This weekend my wife and I watched two movies with merit. The first one was His Girl Friday. It honestly surprised me. It captures the time (the late 1930s) when newspapers took off, when they were wedded with rapid (for the era) communication, like the telephone and telegraph. Everything rested on getting “the scoop,” as papers competed with one another. Cary Grant plays the editor, and Rosalind Russell plays his crack reporter. The problem? They started dating, got married, and she grew tired of his focus on the paper instead of their marriage. The movie starts with her returning from a vacation to announce that she is getting married and leaving the paper. Grant, a conniver, throws a wrench in it by luring her back into it, slowly but surely. It becomes obvious that reporting is her calling, but what about her fiancé? It all makes for a good screwball comedy from that era. But what was particularly interesting to watch is how the media, even back then, was portrayed as a bit jaded and self-serving (just as it is today). The dialogue is as rapid as West Wing, and the wit is strong. It’s good food for thought (and it’s free on http://www.Hulu.com).
We also watched the much more contemporary Ghost Town (which was not at all as it was presented in the previews). It was hyped as a kind of goofy Sixth Sense with the lead, played by Ricky Gervais (of the UK Office fame) being able to see dead people after dying on the operating table but being brought back. Soon, he is seeing dead New Yorkers, who all begin to follow him. But, the story quickly focuses on just one ghost (Greg Kinnear), who’s trying to make things right for his widow played by Téa Leoni. The lead, though, falls in love with her, and while he thinks his goal is to break up an engagement, the real problem ends up being himself. It had me laughing at many points, but I also appreciated an important message it relayed. His colleague at one point asks him, “How is being an #%@$%^$ working for you?” (It obviously isn’t.) The colleague shows him a quote from Einstein: “A person starts to live when he can live outside himself.” (I think that’s what it said.) Once he realizes this, everything begins to change. Sometimes movies can say something better than any sermon can. Dreamworks made this, one and you can find it on iTunes and Amazon Unbox for their typical rental fees.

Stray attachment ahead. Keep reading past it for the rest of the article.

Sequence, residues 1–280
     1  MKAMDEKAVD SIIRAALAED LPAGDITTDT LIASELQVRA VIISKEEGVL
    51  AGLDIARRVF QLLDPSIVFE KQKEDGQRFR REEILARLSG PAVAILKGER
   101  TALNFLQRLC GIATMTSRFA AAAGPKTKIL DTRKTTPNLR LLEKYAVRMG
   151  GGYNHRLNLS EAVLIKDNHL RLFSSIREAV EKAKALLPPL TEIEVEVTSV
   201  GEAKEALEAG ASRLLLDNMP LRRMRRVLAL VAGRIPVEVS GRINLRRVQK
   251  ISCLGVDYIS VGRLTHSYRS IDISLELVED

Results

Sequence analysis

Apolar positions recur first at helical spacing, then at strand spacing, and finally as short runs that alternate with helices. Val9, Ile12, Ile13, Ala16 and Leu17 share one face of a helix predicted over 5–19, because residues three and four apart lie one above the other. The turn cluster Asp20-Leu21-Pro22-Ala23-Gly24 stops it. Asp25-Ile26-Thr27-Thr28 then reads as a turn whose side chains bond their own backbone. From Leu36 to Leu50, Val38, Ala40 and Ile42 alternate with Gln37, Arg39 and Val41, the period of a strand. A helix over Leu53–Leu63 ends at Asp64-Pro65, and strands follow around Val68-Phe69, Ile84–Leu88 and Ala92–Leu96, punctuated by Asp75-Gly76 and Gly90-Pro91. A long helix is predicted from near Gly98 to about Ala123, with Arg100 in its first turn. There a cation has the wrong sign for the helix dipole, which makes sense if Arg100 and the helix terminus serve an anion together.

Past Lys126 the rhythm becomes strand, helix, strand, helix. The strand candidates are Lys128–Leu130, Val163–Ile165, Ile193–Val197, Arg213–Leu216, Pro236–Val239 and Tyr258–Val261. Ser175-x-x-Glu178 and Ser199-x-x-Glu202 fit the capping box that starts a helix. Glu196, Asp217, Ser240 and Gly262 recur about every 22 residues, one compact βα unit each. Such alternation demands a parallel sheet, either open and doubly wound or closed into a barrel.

Two comedies with good messages.
Until next time and all the best,